Cable and Telephone Wiring
Upgrade communications wiring and hardware for better reception with less interference.
You can install communication lines that will integrate, connect and route your cable and phone. The system shown here, which can be installed by a DIYer, can be used to update your TV, Internet, phone and future date lines. It's a great way to take advantage of high speed Internet connections and high definition TV.
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$100 – $500
Cable and telephone wiring basics
If you want to set up communication lines and be ready for anything that comes along this century, you need a system that will allow you to integrate, connect, route and modernize telephone, TV, Internet and all future data lines. We can’t guarantee that our system will take care of everything (no one knows what’s coming), but if you install the stuff we show here, you should be set for the next 25 years or so.
You can install the system yourself using tools and materials found at a well-supplied home center. The key to this system is to feed two telephone and two coaxial cables from each wall jack to the central communication center so you can easily link any electronic components in the future. That means buying a lot of cable, but don’t worry—cable is relatively cheap. Phone connections are made by linking different phone ports with “patch cords.” Video cable links are made by connecting cables with cable splitters.
There’s room in the telecommunication distribution box for other electronic enhancements too. At some point, you may want to add computer networking components, hardware to boost video signals and more cable splitters for connecting different components.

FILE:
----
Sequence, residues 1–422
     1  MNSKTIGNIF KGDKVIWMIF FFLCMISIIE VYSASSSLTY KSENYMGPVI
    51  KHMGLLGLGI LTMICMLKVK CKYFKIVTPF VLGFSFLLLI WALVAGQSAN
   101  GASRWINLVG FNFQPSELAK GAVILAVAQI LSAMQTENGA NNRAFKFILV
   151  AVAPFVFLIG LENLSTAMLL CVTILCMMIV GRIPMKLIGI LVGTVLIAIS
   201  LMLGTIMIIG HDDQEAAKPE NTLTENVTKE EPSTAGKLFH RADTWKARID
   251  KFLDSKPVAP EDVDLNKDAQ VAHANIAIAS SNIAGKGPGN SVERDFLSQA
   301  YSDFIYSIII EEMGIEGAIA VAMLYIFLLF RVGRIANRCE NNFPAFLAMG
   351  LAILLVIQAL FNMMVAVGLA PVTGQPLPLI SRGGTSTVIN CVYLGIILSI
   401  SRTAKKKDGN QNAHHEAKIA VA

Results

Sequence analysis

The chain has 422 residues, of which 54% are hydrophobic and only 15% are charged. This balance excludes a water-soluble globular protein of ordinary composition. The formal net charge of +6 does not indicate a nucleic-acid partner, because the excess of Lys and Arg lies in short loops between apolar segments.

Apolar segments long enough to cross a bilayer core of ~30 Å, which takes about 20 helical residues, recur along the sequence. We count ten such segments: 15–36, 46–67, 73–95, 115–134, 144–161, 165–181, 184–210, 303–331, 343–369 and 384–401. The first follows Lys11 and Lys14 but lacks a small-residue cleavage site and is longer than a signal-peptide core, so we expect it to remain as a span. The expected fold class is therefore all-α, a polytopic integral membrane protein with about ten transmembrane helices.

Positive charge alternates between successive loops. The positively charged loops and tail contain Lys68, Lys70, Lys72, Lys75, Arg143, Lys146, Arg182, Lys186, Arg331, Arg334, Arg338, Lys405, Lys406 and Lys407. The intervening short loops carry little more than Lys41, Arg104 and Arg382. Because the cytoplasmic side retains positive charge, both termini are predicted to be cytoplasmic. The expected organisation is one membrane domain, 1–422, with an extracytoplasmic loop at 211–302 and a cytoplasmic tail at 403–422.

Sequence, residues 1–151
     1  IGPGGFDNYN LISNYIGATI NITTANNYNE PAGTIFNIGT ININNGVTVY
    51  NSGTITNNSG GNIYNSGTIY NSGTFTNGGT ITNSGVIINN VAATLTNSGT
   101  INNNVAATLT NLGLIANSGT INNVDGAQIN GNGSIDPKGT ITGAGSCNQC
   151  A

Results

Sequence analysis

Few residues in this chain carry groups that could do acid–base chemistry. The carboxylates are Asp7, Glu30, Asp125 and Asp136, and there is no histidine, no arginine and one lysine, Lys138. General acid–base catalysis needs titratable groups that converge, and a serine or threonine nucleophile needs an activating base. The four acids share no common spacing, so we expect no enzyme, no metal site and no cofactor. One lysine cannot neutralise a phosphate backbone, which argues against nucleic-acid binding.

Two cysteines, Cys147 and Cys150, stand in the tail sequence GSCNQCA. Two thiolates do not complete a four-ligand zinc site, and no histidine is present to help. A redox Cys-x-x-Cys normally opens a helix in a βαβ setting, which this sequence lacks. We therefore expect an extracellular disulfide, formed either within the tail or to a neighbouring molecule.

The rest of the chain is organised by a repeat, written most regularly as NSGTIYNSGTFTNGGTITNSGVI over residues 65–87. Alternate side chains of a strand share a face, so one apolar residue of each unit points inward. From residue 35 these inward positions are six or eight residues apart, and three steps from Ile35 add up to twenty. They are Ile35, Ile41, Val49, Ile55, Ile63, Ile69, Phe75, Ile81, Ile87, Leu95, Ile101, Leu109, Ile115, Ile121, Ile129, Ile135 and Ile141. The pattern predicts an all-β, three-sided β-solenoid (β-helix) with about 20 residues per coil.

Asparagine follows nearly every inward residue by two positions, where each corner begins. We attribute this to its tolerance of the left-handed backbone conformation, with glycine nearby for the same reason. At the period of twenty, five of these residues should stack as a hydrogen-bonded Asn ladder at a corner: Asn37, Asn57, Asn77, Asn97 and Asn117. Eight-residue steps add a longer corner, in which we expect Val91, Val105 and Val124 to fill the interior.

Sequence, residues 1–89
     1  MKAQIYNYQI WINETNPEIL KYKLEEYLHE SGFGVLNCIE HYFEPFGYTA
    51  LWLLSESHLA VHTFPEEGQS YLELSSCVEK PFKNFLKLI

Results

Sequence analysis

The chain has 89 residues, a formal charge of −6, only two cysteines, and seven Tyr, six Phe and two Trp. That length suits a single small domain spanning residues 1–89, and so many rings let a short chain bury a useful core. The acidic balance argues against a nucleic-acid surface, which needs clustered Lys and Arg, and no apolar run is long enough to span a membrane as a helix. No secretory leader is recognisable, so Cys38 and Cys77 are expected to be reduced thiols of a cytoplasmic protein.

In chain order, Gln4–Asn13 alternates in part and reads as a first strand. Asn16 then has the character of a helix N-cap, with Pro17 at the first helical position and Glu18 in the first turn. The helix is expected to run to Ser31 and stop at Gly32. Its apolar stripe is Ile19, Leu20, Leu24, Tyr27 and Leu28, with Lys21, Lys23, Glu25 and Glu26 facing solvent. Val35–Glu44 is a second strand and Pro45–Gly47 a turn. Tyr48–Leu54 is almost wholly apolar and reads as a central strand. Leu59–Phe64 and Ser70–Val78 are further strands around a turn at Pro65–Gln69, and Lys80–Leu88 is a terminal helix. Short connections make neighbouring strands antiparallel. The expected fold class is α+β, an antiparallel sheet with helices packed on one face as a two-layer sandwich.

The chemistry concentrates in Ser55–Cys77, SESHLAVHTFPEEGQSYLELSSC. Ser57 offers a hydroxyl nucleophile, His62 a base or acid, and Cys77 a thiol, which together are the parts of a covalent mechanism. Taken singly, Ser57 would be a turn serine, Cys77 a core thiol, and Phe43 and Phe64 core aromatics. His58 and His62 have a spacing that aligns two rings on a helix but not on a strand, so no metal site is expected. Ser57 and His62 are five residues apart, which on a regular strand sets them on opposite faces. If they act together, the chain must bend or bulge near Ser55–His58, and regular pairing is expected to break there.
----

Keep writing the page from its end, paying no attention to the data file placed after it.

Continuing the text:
Here’s the basic hardware you’ll need:
- Telecom distribution box: This box contains the telecommunication module and the connecting hardware that are the wiring hub of the home.
- Telecommunication module: This module snaps into the panel and contains the phone terminals and the main cable splitter block. The phone and coaxial cable lines from the street connect to these terminals, as do the lines from the individual jacks in your home. You can add patch cords and splitters to network lines inside your house.
- CAT-5e telephone cable: This high-quality cable eliminates interference from internal and external electronic traffic for clear, unobstructed signals. It’s capable of carrying high-speed Internet service as well as up to four telephone numbers.
- CAT-5e modular jacks: These are the actual wall terminals that your phones and computers plug into. They come with a special “punch-down” tool for hooking the eight CAT-5 wires into the jack.
- RG-6 coaxial cable: This cable is similar to conventional TV cable but made to higher standards for clearer signal transmission. TV went completely digital in 2010.
- Crimp-on F-connectors: These are the female plugs that crimp onto both ends of the RG-6 cable to connect into the panel box at one end and into the wall plates at the other. Use a special “Coax Strip and Crimp Tool” to connect the cable to the F-connectors.
Avoid tight bends of less than 2-in. radius; smooth, gradual ones are best to protect the wire.
Clamp cables to framing with nylon cable straps, lightly secured around the cables and screwed to the framing. Never compress, crush or deform the wire.
Pull gently on cables when feeding them through holes and tight spaces. Pulling with more than 20 lbs. of force (as if you were really pulling your bootstraps tight) will distort the delicate twists and compromise the quality of signals.
Required Tools for this Project
Have the necessary tools for this DIY project lined up before you start—you’ll save time and frustration.
You’ll need a special Coax Strip and Crimp tool to connect to the F-connectors. You may also need a fish tape to run wires in finished walls and ceilings.
If you’re running the wires in finished walls, you’ll also need tools to patch and paint the walls.